California stores that do not feature a gender-neutral toy selection for kids risk incurring a fine of up to $500, according to a law that will be enforceable in January seeking to reduce what proponents say are harmful stereotypes about boys and girls.
Under AB 1084, retail stores that sell childcare items or toys must maintain a "gender-neutral" section and display what the bill describes as a "reasonable selection" of toys, regardless of whether the products have traditionally been marketed towards boys or girls.
The law signed by Gov. Gavin Newsom in 2021 gives stores a Jan. 1, 2024 deadline to comply. The legislation defines "childcare items" as any product designed or intended to facilitate sleep, relaxation or the feeding of children or to help children with sucking or teething. The bill defines children as minors 12 years of age or less.
Retail stores with more than 500 employees across the state that fail to create a gender-neutral toy area face a $250 fine for a first infraction and a $500 fine for subsequent violations.
"Unjustified differences in similar products that are traditionally marketed either for girls or for boys can be more easily identified by the consumer if similar items are displayed closer to one another in one, undivided area of the retail sales floor," the bill reads.
"Keeping similar items that are traditionally marketed either for girls or for boys separated makes it more difficult for the consumer to compare the products and incorrectly implies that their use by one gender is inappropriate," it continues.
Democratic Assemblyman Evan Low, who sponsored the bill, said in October 2021 that he was "incredibly grateful" to Newsom for signing it.
As The Associated Press reported, Democrats in the state legislature previously attempted to pass similar legislation without success in 2019 and 2020.
Low said that his 10-year-old daughter inspired him to sponsor the legislation after she reportedly asked her mom why certain parts of a store were "off limits" because she was a girl, as AP reported.
"We need to stop stigmatizing what's acceptable for certain genders and just let kids be kids," Low said. "My hope is this bill encourages more businesses across California and the U.S. to avoid reinforcing harmful and outdated stereotypes."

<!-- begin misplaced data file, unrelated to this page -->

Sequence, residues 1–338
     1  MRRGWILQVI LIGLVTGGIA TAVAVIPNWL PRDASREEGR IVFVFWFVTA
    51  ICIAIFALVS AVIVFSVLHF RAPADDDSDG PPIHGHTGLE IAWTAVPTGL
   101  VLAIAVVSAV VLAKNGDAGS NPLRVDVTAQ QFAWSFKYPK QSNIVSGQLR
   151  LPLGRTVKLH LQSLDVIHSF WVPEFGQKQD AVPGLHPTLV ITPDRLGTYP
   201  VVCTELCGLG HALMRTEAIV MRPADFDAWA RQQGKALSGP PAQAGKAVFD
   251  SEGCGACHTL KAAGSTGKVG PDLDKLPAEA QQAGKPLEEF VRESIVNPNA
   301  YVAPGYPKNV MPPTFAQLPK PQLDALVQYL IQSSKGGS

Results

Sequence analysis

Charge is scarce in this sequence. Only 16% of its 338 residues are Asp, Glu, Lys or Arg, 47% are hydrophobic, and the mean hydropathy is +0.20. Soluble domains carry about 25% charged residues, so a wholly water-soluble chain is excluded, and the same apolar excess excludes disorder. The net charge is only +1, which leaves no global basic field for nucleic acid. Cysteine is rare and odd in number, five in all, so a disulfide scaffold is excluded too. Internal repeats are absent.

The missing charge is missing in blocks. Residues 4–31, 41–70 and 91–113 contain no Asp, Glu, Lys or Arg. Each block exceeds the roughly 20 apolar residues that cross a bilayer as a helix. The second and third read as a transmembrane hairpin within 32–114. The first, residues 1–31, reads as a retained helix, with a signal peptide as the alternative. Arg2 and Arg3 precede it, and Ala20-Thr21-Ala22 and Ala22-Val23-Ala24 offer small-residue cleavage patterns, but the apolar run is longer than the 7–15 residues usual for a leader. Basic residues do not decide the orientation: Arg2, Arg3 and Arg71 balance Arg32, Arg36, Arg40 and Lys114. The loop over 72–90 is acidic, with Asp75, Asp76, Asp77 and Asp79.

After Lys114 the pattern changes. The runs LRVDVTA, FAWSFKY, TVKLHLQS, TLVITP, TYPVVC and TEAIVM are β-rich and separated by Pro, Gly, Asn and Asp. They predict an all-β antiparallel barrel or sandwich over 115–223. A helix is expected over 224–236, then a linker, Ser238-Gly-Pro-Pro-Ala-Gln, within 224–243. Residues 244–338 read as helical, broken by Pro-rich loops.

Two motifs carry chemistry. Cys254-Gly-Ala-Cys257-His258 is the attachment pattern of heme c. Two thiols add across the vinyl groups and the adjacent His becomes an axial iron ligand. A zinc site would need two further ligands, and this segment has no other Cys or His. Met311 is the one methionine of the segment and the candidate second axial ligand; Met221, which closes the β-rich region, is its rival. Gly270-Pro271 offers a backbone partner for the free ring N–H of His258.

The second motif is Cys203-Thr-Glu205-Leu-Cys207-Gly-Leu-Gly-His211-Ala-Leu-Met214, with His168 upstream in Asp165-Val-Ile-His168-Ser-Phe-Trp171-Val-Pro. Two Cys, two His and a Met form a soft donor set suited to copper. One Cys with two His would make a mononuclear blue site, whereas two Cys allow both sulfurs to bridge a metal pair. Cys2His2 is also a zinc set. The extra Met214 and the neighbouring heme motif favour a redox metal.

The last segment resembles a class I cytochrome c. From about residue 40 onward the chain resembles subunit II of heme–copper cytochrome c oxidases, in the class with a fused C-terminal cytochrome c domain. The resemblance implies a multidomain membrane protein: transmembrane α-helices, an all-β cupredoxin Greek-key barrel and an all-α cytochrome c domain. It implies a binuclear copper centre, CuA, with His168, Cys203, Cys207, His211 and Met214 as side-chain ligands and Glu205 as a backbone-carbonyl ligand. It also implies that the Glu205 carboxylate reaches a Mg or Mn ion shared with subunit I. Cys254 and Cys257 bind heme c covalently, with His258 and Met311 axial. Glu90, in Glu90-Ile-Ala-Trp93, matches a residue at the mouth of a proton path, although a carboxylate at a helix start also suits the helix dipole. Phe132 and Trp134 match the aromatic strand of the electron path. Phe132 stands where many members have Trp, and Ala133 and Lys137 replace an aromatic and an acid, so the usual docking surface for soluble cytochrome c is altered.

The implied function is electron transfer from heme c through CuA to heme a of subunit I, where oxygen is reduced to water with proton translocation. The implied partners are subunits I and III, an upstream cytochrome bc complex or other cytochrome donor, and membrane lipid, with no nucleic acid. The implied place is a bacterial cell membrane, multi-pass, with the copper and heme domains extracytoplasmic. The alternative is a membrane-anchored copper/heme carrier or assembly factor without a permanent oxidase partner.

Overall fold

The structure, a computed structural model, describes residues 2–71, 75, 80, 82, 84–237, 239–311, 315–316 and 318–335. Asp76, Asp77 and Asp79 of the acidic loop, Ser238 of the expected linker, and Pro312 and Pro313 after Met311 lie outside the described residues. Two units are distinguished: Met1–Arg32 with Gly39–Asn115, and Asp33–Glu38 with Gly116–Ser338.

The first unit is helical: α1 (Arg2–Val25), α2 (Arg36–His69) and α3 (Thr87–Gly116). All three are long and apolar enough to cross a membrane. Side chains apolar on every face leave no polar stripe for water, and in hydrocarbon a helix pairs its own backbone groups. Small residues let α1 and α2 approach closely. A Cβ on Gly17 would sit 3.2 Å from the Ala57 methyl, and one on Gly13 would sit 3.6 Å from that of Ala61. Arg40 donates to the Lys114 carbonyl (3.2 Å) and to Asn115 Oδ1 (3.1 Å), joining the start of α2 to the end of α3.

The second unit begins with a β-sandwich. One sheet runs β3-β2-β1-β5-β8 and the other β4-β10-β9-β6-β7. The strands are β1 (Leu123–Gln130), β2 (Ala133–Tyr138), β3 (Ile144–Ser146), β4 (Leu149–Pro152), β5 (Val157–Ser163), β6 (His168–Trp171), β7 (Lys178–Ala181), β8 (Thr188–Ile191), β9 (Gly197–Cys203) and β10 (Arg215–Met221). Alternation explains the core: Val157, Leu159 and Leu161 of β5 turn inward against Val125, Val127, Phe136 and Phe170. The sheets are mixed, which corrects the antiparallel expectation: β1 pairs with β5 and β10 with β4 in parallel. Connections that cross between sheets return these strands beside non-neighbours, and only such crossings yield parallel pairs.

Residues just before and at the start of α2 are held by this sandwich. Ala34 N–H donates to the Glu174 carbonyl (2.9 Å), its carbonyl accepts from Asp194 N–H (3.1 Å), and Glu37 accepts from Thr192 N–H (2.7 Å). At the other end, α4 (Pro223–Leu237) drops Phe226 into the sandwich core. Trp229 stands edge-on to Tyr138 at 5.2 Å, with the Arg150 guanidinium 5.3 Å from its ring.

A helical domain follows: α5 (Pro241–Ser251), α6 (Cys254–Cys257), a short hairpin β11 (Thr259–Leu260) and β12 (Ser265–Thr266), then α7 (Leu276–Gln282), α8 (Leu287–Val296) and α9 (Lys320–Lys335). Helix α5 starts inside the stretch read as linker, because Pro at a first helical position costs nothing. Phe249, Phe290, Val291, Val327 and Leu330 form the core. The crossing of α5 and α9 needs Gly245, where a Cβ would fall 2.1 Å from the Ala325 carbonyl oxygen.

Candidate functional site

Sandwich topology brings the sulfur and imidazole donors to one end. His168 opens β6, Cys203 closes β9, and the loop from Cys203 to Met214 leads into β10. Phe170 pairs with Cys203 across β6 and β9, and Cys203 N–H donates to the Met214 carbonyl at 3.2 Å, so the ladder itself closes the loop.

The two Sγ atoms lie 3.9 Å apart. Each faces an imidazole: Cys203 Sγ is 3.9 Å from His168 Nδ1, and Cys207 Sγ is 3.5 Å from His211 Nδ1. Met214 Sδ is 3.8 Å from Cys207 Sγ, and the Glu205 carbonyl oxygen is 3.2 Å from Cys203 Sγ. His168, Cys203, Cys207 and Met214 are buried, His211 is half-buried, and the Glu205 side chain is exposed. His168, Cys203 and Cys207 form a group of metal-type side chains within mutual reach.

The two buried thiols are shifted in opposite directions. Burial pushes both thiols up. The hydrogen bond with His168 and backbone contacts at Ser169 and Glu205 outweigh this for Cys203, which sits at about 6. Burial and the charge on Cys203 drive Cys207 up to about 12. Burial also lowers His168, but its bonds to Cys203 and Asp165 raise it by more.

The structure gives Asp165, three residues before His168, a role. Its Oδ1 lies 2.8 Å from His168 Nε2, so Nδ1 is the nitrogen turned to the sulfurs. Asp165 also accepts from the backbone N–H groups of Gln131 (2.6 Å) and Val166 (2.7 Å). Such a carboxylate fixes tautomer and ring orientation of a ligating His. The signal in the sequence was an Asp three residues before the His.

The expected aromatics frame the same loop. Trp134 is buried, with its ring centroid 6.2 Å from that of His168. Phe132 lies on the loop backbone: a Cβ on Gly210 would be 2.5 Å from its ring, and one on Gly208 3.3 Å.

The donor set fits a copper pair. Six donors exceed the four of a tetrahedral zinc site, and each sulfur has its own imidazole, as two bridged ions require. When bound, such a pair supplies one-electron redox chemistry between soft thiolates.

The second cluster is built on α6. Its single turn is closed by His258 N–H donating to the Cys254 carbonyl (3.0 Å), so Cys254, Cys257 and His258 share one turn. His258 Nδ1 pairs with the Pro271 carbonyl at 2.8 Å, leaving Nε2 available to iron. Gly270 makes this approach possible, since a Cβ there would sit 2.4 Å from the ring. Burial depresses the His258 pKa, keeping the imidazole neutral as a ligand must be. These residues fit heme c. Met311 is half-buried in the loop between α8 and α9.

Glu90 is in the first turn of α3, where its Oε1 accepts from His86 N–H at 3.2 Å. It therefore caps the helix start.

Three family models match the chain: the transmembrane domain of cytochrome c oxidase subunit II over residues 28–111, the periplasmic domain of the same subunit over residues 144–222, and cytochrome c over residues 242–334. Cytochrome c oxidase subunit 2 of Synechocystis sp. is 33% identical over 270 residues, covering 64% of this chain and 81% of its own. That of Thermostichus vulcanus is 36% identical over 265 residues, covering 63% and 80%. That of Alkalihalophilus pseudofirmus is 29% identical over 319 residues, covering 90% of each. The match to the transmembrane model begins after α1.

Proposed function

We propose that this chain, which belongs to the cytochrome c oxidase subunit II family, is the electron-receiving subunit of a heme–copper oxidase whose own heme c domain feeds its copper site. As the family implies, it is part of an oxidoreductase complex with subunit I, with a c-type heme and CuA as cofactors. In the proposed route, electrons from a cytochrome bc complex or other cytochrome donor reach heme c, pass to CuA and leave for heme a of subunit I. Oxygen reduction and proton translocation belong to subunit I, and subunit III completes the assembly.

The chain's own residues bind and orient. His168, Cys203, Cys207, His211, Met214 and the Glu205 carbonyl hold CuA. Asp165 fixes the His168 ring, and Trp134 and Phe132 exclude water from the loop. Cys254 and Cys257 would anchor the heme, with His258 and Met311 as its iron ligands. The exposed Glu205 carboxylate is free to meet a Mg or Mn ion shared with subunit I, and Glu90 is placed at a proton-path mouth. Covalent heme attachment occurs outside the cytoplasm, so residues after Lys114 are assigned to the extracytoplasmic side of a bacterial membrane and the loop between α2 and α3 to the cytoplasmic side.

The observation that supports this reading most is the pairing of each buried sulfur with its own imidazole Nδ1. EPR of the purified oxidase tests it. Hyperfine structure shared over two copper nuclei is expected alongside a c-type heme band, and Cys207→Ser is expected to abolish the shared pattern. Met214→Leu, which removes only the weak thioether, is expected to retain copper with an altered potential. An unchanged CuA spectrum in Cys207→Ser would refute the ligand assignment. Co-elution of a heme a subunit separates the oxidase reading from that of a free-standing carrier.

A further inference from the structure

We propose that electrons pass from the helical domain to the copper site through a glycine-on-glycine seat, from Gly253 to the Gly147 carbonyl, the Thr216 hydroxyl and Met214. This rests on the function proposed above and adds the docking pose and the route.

Academics such as Christina Hoff Sommers, senior fellow emeritus at the center-right think tank American Enterprise Institute, have criticized the push to make children's toys gender-neutral, arguing that kids' interests and preferred forms of play are rooted in their biology.
In a December 2012 opinion piece, Sommers commented on a Swedish regulatory group that pressured one of the largest toy companies in Northern Europe — Top-Toy, a licensee of Toys "R" Us — to fix its "narrow-minded" and "outdated" advertisements.
As a result of the pressure, the company released a Christmas catalog that showed little boys playing with a Barbie Dreamhouse and little girls playing with guns and action figures. According to Sommers, one of the problems with this is that boys and girls do not necessarily share the same interests.
The feminist scholar recalled how, 20 years ago, the toy manufacturing company Hasbro tested a playhouse it planned to market to both sexes. While the girls imagined they were caring for their babies in the house, the boys launched a baby carriage off the roof of the playhouse.
"A Hasbro manager came up with a novel explanation: 'Boys and girls are different,'" Sommers wrote.
"They are different, and nothing short of radical and sustained behavior modification could significantly change their elemental play preferences," she continued. "Children, with few exceptions, are powerfully drawn to sex-stereotyped play."
While Sommers agreed that parents and teachers should expose children to a wide range of play, she criticized requiring kids to experiment with different toys, questioning whether this type of "social engineering" is ethical.